It was great to see students understanding that leaders can do more than just “lead,”— understanding that leadership can manifest itself in many different ways such as helping others do things that they cannot do on their own, and taking care of others. It was also great to see students taking more from their favorite TV shows and movies, understanding how even entertaining movies can use examples of leadership. It is great to see these students becoming more conscious about how leadership is part of people’s daily lives, and that there are examples of leadership everywhere you look.

Here are some pictures from this activity. The first one is a student’s drawing of Peppa Pig acting as a leader by taking care of her younger brother George!

Leading in their own way at Southwest Regional Library

This week at Southwest Regional Library, we had some new students come to participate in our club. We are always happy to have new and returning students in our club and watch students conduct our activities while getting to know other members of our club. This week, students did the activity The Newest App, but did a website instead. Our former student was also there, but when she did the activity, she did it by herself, so it would be interesting to see how the dynamic was different as she redid the activity with other people.

An interesting thing happened in this session, which reinforced the mission and goals of Leaders UNITE. The first was as follows. While the students conducted the activity and worked together to create their own app, it was clear that all of the students were leaders in different ways, and contributed different things to the group. While going through our post-activity reflection, I spoke with the students about this aspect. One of the students took initiative, she was the one who came up with the app idea, and the person who quickly moved the discussion in a specific direction. It was clear that this student was creative and was serving as a leader, as she created the idea, wrote down everything for the group, and continued to pitch good ideas and reasoning to the group.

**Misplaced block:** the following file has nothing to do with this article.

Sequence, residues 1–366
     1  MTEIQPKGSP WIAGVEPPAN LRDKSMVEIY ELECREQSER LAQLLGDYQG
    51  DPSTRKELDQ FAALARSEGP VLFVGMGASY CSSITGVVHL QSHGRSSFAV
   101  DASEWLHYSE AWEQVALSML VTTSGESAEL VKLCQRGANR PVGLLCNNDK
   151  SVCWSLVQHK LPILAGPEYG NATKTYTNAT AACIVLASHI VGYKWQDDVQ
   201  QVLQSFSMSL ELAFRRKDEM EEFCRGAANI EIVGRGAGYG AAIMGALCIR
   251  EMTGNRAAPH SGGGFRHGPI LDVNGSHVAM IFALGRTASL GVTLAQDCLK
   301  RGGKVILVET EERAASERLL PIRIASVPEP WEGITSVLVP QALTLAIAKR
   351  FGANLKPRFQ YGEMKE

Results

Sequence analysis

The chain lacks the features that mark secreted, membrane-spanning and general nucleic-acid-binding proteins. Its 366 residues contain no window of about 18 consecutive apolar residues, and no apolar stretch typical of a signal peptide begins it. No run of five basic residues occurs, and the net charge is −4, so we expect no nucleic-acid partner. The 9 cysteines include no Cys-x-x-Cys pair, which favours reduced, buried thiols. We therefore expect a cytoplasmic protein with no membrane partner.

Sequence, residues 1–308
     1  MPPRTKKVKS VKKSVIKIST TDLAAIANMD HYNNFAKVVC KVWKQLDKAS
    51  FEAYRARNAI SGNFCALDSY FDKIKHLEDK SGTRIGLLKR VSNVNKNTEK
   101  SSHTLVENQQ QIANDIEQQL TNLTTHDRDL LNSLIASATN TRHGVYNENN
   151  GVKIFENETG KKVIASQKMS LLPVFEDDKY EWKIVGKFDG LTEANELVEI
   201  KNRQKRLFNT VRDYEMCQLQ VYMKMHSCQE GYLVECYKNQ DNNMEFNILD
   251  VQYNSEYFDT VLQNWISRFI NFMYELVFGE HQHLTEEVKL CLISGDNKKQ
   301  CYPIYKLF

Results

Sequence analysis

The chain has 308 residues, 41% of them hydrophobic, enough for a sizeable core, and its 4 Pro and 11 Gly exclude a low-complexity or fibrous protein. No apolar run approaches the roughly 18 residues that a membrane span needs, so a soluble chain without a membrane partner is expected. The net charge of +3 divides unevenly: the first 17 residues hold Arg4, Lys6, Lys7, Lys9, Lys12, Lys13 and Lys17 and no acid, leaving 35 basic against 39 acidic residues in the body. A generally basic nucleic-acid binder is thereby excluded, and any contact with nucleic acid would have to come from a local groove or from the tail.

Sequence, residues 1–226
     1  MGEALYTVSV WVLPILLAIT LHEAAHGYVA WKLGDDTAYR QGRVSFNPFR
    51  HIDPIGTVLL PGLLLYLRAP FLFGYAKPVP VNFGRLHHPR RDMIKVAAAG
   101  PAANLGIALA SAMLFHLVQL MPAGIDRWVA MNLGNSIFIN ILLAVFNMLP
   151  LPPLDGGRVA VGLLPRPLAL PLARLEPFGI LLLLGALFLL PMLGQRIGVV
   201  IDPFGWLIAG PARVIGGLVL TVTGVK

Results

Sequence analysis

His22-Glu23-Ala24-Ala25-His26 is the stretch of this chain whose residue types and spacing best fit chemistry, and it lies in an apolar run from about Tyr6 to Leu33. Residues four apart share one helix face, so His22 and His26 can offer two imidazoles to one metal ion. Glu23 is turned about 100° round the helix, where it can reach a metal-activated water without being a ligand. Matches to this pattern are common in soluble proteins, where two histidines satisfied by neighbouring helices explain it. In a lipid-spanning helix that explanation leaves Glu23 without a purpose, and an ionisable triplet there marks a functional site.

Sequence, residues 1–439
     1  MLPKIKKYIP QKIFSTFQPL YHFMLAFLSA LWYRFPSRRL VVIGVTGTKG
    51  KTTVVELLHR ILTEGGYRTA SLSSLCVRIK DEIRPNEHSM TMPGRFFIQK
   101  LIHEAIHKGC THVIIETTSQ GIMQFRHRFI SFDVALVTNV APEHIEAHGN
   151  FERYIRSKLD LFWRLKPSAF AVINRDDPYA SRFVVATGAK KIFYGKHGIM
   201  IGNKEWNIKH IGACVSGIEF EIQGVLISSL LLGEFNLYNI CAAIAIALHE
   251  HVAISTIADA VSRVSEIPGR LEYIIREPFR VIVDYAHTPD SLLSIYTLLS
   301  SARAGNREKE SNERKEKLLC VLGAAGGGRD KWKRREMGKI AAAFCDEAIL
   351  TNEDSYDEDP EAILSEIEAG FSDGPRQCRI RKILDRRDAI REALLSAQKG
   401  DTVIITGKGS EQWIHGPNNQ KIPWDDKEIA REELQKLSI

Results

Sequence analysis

One of the other students began to speak up more as the activity continued. And while she was not the person who came up with the ideas, she was just as much of a leader in her own unique way. This student did not come up with the original app idea, but was continuously keeping ideas in check. She would ask, “What is the purpose of that?”, “Couldn’t we do it this was?”, and more questions that steered the website idea into something more concrete, practical, and useful. The dialogue that she added to the conversation was just as important, as it made sure the website the students create was sound, had necessary features, and that everything added to the idea made sense and was feasible. Without this person creating these questions and stopping points for the group, the website might not have ever become as specific or as practical as needed.